The Nikkan Sports paper claimed in back-to-back front pages on Aug. 11-12 that former Chunichi Dragons and Hanshin Tigers manager Senichi Hoshino has been offered the job to head the Yomiuri Giants in 2006.
However, the majority of media people covering games at Tokyo Dome say it will be someone other than Hoshino who will be introduced as the new Kyojin skipper after the current season ends.
The general consensus for doubting a Hoshino-Yomiuri deal centers around three factors:
1) Hoshino is under contract to the Tigers, with the title of senior adviser to the team president, so the Giants could not have made him an offer.
2) Having Hoshino become the Yomiuri manager would “spoil the aura” of the Giants who have always appointed a former Y.G. player to be the field boss.
3) There is a health issue, as evidenced by the fact Hoshino resigned the Hanshin managerial post following the 2003 season because of stress, high blood pressure and heart trouble. The strain was bad enough leading the Tigers; with the Giants it would be even tougher.
The feeling I get suggests, at this point, the chances of Hoshino becoming the Yomiuri skipper are about 20 percent.
I am guessing there is about a 70 percent probability the successor to current Giants field boss Tsuneo Horiuchi will be one of the three often-mentioned former Giants stars: Kiyoshi Nakahata, Tatsunori Hara or Suguru Egawa. The door remains open, with approximately a 10 percent chance, for the possibility the team may hire a foreign manager.
We’ll know in about six weeks but, right now, it does not seem Hoshino is as much of a lock as the Nikkan and other sources are leading us to believe.
One of the top baseball men in the field of Japan-U.S. relations, Kuniaki “Luigi” Nakajima, has joined the Yomiuri Giants international department after working for the Yakult Swallows more than 30 years.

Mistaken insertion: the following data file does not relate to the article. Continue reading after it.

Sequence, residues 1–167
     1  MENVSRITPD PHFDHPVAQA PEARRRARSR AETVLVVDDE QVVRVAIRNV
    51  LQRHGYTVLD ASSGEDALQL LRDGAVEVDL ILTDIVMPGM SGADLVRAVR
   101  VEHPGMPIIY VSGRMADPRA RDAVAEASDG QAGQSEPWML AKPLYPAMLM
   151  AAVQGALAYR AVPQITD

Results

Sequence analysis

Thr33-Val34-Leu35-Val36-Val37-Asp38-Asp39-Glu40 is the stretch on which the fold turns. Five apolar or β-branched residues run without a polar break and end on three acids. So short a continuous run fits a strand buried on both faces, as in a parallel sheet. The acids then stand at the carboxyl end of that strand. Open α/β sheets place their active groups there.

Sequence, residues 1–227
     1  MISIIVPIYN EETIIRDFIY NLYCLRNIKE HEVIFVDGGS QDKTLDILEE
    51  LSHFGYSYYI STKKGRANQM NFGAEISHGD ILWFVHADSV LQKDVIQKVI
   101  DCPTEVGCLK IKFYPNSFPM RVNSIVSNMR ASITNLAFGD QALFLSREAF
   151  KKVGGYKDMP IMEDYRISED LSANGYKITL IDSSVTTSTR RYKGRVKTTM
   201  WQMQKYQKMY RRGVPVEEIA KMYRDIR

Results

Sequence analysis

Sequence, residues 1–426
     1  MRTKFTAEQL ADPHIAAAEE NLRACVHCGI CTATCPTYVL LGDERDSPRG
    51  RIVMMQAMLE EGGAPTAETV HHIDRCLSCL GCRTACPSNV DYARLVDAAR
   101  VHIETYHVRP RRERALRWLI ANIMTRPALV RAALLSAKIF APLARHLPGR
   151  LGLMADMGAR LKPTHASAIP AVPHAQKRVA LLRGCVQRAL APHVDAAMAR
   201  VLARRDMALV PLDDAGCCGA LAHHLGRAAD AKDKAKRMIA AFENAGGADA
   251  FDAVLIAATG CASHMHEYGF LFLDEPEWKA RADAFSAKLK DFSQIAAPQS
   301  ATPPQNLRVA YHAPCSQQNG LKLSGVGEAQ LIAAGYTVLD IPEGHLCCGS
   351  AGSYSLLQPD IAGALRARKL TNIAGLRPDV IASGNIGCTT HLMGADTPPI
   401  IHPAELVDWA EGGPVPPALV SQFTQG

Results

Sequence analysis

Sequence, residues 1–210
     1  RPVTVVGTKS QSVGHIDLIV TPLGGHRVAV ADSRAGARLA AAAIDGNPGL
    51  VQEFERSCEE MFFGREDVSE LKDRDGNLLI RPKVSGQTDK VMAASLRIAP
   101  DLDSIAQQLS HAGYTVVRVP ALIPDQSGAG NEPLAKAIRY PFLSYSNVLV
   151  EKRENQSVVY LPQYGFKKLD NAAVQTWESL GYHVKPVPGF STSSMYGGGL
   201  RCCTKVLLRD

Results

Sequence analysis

He helped bring to Japan a host of successful and memorable foreign players, many of whom contributed to the Swallows Central League championships in 1992, 1993, 1995, 1997 and 2001, including ’92 CL MVP Jack Howell and home run kings Larry Parrish, Dwayne Hosey, Roberto Petagine and Alex Ramirez.
Nakajima also had a big hand in getting Tom O’Malley and Hensley Meulens from other Japanese teams in 1995.
Both played big parts in the Swallows winning the Japan Series that year (O’Malley was named MVP for the regular season and the Series). They were joined by another Nakajima find, pitcher Terry Bross who was 14-5, led the CL with a 2.33 ERA and no-hit the Giants at Tokyo Dome on Sept. 9.
Yomiuri is obviously bringing in a guy with Nakajima’s experience and track record for judging foreign player talent in an effort to avoid repetition of this year’s problems with pitcher Dan Miceli and outfielder Gabe Kapler, who were unable to make the adjustment to Japanese baseball and returned to the U.S.
Nakajima was Yakult’s team interpreter in 1973 when the infamous Joe Pepitone joined the Swallows for what turned out to be a lackluster 14-game Japan career.